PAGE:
Finally, S&P is also involved in a major political battle at the moment. An amendment proposed Al Franken would end the current system under which a company issuing a bond selects the rating agency. Instead the Securities and Exchange Commission would pick the agency. This amendment would remove the obvious conflict of interest from having the issuer select the rater.

This change was delayed for 2 years by a conference provision inserted by Representative Barney Frank, who was head of the Financial Services Committee at the time. S&P would undoubtedly like this delay to be made permanent. 

It would have been appropriate to discuss S&P's track record as well as its political interests in a major story like this in order to provide readers with a better basis to assess its debt warnings. However S&P's warnings coincide with the Post's editorial stance calling for major cuts to Social Security, Medicare and other areas of social spending. This could explain the failure to provide readers with the necessary background information. 

 
If a Negative S&P Outlook for the U.S. Explains a Drop in Stock Prices, Why Did the Dollar Rise and Interest Rates Fall Print
Monday, 18 April 2011 09:23

Reporters should be given 40 lashes when they tell us that some specific event explains a movement in stock prices. The reality is that the reporter does not know what caused a movement in stock prices, all they can do is speculate.

This means that the beginning of a NYT piece on the drop in stock prices Monday morning that began:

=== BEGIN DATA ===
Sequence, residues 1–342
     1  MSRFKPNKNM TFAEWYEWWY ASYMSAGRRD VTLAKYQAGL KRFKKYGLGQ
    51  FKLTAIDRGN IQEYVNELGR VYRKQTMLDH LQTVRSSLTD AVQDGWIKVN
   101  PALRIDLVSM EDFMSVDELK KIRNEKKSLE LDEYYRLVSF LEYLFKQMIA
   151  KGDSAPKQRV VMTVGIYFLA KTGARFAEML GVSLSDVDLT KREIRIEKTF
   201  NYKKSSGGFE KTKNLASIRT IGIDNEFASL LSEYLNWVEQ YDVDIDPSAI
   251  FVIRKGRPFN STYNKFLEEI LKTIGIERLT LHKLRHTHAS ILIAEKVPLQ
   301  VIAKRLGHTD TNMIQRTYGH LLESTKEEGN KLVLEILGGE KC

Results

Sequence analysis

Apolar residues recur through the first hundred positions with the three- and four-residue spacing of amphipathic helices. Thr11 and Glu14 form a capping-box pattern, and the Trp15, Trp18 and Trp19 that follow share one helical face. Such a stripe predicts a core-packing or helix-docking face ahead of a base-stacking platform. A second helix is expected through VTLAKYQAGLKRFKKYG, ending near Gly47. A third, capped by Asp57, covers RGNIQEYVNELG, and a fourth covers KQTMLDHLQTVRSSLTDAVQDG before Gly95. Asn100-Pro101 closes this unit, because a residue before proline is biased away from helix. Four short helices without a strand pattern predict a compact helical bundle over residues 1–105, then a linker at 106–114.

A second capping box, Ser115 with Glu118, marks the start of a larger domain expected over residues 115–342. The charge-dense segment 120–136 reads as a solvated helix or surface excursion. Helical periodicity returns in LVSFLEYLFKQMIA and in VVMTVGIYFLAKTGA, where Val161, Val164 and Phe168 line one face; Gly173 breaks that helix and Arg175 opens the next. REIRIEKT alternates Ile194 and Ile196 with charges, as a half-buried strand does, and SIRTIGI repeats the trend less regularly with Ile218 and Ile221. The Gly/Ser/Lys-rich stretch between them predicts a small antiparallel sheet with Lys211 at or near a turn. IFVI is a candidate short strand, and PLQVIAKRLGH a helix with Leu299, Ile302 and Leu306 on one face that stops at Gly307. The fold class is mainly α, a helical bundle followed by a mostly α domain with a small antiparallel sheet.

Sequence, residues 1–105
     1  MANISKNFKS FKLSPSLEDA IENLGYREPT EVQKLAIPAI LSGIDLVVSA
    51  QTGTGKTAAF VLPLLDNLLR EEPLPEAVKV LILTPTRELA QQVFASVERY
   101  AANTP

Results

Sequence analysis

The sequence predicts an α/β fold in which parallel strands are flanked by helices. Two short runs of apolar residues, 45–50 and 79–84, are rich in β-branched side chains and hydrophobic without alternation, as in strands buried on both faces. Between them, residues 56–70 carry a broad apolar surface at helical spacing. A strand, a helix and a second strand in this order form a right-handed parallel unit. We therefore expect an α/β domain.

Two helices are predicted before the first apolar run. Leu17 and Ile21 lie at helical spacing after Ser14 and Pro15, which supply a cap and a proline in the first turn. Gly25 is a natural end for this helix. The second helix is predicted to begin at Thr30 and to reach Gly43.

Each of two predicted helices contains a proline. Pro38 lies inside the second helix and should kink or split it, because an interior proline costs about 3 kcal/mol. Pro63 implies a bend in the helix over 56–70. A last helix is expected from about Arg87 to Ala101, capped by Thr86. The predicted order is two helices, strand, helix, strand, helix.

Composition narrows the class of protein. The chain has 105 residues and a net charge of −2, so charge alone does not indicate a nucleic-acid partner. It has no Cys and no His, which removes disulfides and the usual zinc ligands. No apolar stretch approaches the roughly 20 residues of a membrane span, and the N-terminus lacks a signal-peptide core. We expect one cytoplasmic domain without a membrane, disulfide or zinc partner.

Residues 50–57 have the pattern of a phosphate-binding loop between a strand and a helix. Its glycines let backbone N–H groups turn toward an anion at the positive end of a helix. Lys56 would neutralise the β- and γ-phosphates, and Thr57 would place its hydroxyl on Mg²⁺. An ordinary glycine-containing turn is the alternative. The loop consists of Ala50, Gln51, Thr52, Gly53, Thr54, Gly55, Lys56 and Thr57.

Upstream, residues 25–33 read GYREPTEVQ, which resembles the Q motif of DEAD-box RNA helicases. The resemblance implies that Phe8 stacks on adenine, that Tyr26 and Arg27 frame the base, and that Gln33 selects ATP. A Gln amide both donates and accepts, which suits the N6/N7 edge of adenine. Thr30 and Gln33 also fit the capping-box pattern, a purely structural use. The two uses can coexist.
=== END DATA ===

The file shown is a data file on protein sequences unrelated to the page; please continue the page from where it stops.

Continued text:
"shares on Wall Street opened sharply lower and Treasury prices fell on Monday after the Standard & Poor’s rating firm lowered the outlook for the United States to negative, saying that there was a risk that lawmakers might not reach agreement on how to address the country’s fiscal issues,"

is pure speculation. The NYT does not know why stock prices fall.

Its explanation seems inconsistent with two other market movements this morning. The dollar rose sharply against the euro and other major currencies. Also, the yield on 10-year Treasury bonds fell by almost 4 basis points.

It is a bit hard to believe that investors sold off U.S. stocks because they became fearful in the wake of the S&P report, but then suddenly wanted to buy dollars and also were willing to hold Treasury bonds at a lower yield. Unless we think that investors in stock are a totally distinct group from the people who trade currencies and invest in bonds, the NYT's explanation of the plunge in stock prices makes no sense. 

A more plausible explanation is that bad earnings reports, most importantly from Bank of America on Friday and from Citigroup on Monday, made investors more pessimistic about the near-term prospect for profits.

It is also worth noting that S&P has a horrible track record for judging credit worthiness. It rated hundreds of billions of dollars of subprime backed securities as investment grade. It also gave Lehman, Bear Stearns, and Enron top ratings right up until their collapse. Furthermore, no one was publicly fired for these extraordinary failures. Investors are aware that S&P's judgement does not mean very much.